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But a half-dozen photos still hang on the wall at the Maid-Rite in Newton, where Mr. Obama used a June 2007 stop to sample the Midwestern chain’s iconic loose-beef sandwich, which is as much a rite of passage here as a cheesesteak is for those campaigning in Philadelphia.

“I think he’s very sincere. I don’t think he’s had a lot of cooperation from the Congress. Congress has tried to destroy everything he’s working for,” said Dan Holtkamp, who has owned this Maid-Rite for 41 years — long enough to be grandfathered in so that he can still serve his beef without the seasonings he said the national chain tried to push.

“When he was here, the one thing I wanted him to do was work on something for health care, and he has done that,” Mr. Holtkamp said.

Still, he said Newton, which was home to the Maytag company until it closed in 2007, has problems where he would like to see some action.

“I don’t think he’s helped the small businesses a lot. My county’s economy’s not very strong,” Mr. Holtkamp said Sunday.

Newton, Pleasantville and Albia are the kinds of towns where Mr. Obama fought it out first with Hillary Rodham Clinton and John Edwards for the nomination, and later with Mr. McCain for the Oval Office.

His record in those three communities was mixed in 2008.

He placed third in the caucuses in Monroe County, where Albia is located, and lost the town in the general election. He won the most caucus delegates from Marion County in January of 2008, where Smokey Row is located, but that November he lost the town of Pleasantville to Mr. McCain.

But in Jasper County, despite trailing Mr. Edwards and Mrs. Clinton in the January caucuses, he racked up a substantial victory over Mr. McCain in November.

Mr. Obama is expected to appear by video Tuesday night to speak to Democratic caucus-goers, but has not canvassed the state the way he had to in the run-up to the 2008 contest. Still, in 2010 he ate rhubarb pie at Jerry’s Family Restaurant in Mount Pleasant and visited Baby Boomer’s Cafe in Des Moines, which is home to a now world-famous chocolate chip cookie, thanks to his two daughters’ fondness for them.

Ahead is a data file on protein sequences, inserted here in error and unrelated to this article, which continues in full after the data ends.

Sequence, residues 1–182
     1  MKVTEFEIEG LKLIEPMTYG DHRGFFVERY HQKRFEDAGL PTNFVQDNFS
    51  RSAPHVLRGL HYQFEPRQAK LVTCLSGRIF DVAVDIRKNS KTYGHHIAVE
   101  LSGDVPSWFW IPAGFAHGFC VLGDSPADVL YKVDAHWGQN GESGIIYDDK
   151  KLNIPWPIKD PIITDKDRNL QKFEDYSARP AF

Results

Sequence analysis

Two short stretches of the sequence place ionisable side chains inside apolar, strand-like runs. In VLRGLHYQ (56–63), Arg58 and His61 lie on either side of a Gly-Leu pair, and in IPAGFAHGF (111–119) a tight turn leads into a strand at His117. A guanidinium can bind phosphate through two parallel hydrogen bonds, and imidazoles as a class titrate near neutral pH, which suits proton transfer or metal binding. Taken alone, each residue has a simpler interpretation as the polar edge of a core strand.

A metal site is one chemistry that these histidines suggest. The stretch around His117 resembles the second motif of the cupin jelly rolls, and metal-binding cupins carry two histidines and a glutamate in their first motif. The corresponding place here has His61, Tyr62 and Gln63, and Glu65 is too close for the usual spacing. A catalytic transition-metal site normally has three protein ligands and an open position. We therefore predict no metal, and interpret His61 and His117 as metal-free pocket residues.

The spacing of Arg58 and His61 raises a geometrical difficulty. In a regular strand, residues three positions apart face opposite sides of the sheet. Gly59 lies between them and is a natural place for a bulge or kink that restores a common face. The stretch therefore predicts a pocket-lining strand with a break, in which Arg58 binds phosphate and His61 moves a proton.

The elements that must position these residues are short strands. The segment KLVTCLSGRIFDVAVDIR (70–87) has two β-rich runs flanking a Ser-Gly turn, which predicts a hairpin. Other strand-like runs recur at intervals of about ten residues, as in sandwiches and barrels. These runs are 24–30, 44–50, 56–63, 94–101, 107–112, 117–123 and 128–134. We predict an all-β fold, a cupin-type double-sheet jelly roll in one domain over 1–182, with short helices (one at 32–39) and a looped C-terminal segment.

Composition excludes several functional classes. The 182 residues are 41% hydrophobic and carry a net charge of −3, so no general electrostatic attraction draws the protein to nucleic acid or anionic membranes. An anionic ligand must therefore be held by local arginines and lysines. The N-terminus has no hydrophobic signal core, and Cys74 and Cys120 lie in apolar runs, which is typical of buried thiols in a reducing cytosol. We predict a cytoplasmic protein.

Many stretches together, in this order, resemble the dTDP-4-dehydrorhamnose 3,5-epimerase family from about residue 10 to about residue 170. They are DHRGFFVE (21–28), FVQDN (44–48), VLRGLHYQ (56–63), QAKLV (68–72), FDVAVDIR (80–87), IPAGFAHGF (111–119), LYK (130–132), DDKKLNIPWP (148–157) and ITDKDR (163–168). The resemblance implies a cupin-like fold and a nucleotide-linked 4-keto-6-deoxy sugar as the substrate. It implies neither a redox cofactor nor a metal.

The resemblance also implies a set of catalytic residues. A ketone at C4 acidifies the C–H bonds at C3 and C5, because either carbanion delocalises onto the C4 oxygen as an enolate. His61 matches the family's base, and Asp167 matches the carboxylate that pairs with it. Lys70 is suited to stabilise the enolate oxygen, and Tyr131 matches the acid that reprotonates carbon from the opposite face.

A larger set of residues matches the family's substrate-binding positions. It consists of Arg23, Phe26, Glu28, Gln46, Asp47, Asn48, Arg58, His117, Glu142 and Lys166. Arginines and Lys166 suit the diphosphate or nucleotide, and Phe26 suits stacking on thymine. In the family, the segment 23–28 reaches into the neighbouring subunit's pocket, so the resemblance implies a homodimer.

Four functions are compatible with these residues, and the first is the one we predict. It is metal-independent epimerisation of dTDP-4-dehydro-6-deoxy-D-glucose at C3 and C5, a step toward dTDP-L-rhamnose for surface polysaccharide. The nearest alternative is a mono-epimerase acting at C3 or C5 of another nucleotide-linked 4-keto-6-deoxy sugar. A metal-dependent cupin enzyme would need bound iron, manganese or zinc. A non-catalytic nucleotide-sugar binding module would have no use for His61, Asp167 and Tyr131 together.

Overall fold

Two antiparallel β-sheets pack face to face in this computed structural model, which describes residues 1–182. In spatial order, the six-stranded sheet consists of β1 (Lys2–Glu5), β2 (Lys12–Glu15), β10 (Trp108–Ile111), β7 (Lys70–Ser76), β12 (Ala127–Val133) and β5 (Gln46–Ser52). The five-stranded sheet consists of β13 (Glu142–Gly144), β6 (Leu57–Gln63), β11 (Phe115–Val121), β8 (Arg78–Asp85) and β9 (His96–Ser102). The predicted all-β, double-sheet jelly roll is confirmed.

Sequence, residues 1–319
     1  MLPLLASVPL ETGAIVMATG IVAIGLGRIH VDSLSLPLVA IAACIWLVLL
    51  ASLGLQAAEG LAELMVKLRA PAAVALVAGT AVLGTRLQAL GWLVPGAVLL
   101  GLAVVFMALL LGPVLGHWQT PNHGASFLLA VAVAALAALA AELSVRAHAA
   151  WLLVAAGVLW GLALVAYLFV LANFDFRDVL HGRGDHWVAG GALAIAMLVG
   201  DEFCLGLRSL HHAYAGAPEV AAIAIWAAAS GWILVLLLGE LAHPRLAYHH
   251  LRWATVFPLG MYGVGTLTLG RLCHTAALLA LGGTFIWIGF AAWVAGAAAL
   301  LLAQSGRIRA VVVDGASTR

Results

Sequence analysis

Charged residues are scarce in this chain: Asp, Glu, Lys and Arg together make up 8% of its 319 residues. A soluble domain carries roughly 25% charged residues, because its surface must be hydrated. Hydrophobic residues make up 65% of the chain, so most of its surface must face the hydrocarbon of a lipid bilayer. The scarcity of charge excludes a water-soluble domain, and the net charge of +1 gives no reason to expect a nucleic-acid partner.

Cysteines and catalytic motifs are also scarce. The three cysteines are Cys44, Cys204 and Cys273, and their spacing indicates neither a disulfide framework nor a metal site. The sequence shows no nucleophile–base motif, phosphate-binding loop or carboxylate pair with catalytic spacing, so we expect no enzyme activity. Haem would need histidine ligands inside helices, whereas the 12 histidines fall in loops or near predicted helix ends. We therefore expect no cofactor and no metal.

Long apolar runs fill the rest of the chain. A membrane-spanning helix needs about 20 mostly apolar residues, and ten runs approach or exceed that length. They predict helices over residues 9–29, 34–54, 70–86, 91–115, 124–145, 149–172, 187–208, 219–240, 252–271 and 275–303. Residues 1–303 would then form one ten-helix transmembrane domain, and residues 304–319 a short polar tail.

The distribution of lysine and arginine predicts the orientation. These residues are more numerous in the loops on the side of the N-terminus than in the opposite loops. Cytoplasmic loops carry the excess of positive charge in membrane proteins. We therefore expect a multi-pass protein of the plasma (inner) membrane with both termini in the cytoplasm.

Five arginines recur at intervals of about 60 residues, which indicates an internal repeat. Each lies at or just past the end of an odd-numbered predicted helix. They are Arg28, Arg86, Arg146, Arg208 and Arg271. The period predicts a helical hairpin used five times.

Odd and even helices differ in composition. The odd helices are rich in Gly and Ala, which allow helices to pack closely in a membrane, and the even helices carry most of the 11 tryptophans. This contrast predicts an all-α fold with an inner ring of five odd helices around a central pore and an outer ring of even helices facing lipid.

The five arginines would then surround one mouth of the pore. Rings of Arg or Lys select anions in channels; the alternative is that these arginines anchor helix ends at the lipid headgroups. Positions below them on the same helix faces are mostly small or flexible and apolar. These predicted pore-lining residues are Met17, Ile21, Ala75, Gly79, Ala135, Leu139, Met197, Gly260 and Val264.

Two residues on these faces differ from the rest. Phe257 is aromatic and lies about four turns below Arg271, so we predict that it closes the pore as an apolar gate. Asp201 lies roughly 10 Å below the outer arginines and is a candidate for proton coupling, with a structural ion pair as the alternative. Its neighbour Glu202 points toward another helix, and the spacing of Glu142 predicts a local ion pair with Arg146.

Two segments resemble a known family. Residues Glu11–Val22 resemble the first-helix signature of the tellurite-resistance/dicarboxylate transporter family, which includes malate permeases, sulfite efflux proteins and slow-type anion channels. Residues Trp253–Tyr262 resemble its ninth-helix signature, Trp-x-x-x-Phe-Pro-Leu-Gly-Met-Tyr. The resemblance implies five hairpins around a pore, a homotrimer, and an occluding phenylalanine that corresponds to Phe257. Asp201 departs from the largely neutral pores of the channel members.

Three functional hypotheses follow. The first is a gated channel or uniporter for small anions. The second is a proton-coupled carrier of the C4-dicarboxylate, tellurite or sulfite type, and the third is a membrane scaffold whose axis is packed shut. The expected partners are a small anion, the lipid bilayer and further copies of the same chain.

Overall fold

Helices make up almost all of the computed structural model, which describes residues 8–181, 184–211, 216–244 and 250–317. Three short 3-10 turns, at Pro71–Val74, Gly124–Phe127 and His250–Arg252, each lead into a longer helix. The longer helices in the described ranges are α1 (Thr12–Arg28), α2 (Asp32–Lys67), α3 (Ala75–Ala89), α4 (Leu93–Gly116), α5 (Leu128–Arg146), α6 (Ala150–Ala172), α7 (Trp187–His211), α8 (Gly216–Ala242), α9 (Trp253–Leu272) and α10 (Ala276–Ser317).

This summer, he made a high-profile bus tour across the Midwest, including stops in Iowa for bacon and eggs in Guttenberg, vanilla ice cream in DeWitt and bags of popcorn in Le Claire.

Mr. Obama won Iowa in 2008 with 54 percent of the vote, but his approval rating has dropped below 50 percent here, and the state is expected to be in play this November.

Aware of that, one of his potential Republican opponents, former Massachusetts Gov. Mitt Romney, twice has blasted the president for promises he made to Iowa voters during the 2008 campaign to change the culture in Washington — promises Mr. Romney said have gone unmet.

With the national economy still sour, Mr. Obama’s performance has been a hot topic, said Homer May, a 78-year-old retired federal investigator who lives in Warsaw, Mo., but spends a good deal of time visiting Pleasantville, where he talks Iowa politics.

He said his wife’s friend, a regular caucusgoer, is disappointed that the president spent “so much effort on this health care job that it seems a few other things just got buried,” but he said he admired the president for a change he said was on par with President Franklin D. Roosevelt establishing Social Security.

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